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|Title:||Is precarious employment associated with women remaining childless until age 35 years? Results from an Australian birth cohort study|
|Citation:||Human Reproduction, 2014; 29(1):155-160|
|Publisher:||Oxford University Press (OUP)|
|Abstract:||STUDY QUESTION Does time in casual employment (while not studying full time) affect the likelihood of a woman having a child by age 35? SUMMARY ANSWER Duration of time spent in casual employment is associated with an increased likelihood of childlessness at age 35 years, irrespective of socio-economic background as indicated by educational level. WHAT IS KNOWN ALREADY Precarious employment conditions have become increasingly prevalent in recent decades in Western countries. The relationship between precarious employment conditions and age at first childbirth has been examined in several European countries with varying results. STUDY DESIGN, SIZE, DURATION A retrospective cross-sectional component (n = 663) was added to an existing study based on a cohort of women born during 1973–1975. An event history calendar instrument was used to obtain data regarding a range of life domains over a 20-year period. PARTICIPANTS/MATERIALS, SETTING, METHODS Using data from the Life Journeys of Young Women Project carried out in Adelaide, South Australia, Cox proportional hazards models were applied to investigate the research questions. MAIN RESULTS AND THE ROLE OF CHANCE The likelihood of childbirth by around age 35 was reduced for every year spent in casual employment, irrespective of socioeconomic status, partner’s education and parents’ birthplace. The likelihood was reduced by 8, 23 and 35% for 1, 3 and 5 years spent in casual employment, respectively. LIMITATIONS, REASONS FOR CAUTION Women with longer employment histories (and greater age at first birth) had more opportunities for errors in recall, but it is unlikely that such errors were systematic and led to bias in the results. While we included variables reflecting partner’s education and length of time with a live-in partner, partner’s employment histories were not taken into account. WIDER IMPLICATIONS OF THE FINDINGS Duration of time spent in casual employment is associated with an increased likelihood of childlessness at age 35 years, and this association is present across the spectrum of socioeconomic status. We suggest that upstream labour market reforms could be considered in order to reduce barriers to childbearing.|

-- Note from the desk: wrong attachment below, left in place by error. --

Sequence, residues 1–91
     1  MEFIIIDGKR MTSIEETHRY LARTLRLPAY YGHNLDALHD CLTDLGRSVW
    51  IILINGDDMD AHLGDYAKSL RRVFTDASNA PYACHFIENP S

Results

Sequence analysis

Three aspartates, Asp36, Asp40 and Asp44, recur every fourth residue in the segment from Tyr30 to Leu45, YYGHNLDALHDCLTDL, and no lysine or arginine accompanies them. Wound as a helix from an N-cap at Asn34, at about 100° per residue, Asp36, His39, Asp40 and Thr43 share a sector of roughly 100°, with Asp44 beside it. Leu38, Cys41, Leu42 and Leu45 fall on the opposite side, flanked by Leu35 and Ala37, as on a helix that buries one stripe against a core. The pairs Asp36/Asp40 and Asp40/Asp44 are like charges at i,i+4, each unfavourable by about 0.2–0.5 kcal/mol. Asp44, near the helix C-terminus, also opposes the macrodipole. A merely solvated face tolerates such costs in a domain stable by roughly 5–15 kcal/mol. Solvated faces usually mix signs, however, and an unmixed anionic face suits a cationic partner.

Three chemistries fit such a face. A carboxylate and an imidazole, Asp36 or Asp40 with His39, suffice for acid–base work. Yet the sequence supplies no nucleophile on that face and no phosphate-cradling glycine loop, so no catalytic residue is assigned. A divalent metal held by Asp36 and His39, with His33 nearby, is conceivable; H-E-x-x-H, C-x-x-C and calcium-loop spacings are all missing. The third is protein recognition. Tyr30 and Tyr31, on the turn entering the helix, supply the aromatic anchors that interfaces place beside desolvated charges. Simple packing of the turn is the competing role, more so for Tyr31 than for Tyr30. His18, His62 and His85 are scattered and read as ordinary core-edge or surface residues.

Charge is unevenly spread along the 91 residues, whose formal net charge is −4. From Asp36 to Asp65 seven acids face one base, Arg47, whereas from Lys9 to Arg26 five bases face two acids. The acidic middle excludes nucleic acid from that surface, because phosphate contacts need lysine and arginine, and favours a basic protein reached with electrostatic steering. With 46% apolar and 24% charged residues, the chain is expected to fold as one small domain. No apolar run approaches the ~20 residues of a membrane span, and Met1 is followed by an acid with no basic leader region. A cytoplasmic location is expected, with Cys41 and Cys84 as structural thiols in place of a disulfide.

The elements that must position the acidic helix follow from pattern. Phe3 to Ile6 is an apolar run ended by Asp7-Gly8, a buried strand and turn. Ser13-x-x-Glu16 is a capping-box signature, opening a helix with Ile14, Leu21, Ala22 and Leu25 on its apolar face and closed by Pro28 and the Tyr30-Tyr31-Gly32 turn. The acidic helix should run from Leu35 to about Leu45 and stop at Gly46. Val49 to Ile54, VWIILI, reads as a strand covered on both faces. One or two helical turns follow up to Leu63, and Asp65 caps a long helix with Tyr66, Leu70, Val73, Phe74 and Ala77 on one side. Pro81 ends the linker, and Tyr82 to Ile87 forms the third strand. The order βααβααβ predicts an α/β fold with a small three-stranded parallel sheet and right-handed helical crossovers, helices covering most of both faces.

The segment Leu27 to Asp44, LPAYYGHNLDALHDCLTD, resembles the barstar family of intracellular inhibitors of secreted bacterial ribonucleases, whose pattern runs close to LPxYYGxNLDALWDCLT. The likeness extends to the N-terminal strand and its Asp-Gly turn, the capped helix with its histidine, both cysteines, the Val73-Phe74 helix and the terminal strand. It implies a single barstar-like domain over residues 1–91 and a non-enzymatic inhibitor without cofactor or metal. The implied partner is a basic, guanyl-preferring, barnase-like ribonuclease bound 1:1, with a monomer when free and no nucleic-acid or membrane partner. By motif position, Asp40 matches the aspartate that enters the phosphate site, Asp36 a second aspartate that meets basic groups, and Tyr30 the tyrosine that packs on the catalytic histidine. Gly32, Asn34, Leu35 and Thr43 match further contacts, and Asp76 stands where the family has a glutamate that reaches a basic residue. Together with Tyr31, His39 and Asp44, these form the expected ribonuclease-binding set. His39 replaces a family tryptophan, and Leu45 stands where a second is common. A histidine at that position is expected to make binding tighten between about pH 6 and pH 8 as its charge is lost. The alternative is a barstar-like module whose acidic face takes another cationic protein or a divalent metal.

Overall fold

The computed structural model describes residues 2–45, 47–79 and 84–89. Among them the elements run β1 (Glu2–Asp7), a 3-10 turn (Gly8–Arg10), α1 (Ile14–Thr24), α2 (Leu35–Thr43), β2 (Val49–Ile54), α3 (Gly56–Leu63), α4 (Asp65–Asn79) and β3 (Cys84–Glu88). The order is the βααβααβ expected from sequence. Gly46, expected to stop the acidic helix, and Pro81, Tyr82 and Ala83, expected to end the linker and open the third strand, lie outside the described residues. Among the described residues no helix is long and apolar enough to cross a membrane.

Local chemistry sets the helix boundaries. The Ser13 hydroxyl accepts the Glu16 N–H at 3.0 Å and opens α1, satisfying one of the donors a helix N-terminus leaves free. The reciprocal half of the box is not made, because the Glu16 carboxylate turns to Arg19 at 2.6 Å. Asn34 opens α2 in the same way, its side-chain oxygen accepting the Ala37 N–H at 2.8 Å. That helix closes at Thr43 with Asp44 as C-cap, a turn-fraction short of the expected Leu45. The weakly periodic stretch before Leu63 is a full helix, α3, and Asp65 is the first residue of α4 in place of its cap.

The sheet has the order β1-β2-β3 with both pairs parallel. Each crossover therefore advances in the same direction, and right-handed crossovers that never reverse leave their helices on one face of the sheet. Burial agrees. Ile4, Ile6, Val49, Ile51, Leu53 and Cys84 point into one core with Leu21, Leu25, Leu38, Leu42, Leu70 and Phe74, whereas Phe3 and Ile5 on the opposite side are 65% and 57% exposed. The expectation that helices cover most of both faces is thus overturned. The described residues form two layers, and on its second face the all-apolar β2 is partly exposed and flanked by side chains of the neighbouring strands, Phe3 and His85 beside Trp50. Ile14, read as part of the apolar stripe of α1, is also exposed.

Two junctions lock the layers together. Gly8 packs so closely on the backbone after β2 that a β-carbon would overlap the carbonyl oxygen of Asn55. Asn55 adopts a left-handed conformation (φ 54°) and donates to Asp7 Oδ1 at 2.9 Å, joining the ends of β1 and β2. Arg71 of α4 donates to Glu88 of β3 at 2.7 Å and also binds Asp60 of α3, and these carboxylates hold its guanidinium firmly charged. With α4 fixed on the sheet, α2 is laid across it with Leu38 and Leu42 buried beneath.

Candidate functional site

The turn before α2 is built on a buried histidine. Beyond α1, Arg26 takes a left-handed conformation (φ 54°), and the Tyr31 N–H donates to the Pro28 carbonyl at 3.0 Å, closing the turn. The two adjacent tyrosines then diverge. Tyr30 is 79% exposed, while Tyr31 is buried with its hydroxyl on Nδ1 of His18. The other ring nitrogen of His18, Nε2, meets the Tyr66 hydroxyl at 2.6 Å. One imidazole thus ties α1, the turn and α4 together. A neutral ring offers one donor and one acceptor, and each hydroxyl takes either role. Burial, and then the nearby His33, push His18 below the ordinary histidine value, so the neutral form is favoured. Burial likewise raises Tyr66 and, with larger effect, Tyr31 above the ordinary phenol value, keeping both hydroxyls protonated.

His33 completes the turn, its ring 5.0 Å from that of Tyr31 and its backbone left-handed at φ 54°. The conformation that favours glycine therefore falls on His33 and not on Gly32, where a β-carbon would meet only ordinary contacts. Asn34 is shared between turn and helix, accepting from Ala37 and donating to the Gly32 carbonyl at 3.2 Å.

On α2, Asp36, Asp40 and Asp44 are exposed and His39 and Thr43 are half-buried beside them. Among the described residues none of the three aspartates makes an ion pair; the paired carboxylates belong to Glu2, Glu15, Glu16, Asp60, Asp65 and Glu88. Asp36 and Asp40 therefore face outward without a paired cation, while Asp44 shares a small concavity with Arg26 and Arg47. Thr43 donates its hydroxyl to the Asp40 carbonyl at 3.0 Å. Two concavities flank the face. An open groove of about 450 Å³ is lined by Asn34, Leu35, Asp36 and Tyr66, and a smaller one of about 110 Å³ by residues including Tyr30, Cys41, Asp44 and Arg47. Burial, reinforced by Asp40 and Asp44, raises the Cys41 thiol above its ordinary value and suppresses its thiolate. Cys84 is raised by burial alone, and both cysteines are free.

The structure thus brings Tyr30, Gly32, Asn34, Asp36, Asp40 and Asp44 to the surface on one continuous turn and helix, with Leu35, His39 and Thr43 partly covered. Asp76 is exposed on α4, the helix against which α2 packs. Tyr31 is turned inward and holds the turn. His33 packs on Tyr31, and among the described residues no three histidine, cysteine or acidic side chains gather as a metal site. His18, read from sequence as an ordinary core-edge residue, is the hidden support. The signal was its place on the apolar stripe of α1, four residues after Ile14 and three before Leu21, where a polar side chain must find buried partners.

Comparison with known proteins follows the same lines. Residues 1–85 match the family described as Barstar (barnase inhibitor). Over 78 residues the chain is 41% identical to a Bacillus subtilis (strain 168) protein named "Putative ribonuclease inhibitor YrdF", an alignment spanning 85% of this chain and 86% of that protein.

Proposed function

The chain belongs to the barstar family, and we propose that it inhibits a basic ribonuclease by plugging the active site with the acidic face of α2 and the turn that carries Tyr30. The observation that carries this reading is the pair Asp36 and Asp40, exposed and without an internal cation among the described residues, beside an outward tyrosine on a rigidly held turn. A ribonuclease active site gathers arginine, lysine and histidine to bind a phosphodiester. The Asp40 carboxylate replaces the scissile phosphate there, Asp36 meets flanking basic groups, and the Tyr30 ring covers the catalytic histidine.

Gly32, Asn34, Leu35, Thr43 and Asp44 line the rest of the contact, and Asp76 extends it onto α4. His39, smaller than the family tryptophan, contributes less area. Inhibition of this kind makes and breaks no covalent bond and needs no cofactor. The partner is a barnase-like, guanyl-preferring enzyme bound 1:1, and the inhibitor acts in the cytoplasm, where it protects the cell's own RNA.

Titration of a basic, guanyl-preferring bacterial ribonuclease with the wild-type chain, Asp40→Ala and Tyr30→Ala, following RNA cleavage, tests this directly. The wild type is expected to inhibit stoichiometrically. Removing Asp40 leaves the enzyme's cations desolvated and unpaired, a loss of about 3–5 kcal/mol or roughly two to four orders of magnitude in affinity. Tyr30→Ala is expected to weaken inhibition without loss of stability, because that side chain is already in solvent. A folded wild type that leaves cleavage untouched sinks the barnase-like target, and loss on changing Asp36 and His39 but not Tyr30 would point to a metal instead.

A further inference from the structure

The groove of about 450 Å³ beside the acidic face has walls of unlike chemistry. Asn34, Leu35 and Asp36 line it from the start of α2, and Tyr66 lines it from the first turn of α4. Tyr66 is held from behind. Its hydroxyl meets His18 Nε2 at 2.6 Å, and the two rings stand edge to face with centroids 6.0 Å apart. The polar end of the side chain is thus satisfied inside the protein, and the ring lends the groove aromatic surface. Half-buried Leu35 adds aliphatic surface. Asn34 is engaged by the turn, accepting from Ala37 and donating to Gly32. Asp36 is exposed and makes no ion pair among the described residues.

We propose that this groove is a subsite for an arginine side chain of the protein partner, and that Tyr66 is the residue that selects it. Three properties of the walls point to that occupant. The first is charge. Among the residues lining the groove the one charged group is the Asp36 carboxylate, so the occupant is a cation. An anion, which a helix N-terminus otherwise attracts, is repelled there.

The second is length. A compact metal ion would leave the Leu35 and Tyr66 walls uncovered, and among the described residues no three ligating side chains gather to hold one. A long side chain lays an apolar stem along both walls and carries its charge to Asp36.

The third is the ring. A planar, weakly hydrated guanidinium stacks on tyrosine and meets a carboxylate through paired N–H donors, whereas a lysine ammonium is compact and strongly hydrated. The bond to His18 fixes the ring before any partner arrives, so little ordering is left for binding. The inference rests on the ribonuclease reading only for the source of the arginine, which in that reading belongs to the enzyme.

|Keywords:||Casual employment; childbearing; maternal age; socioeconomic status; temporary contract|
|Appears in Collections:||Aurora harvest 7|
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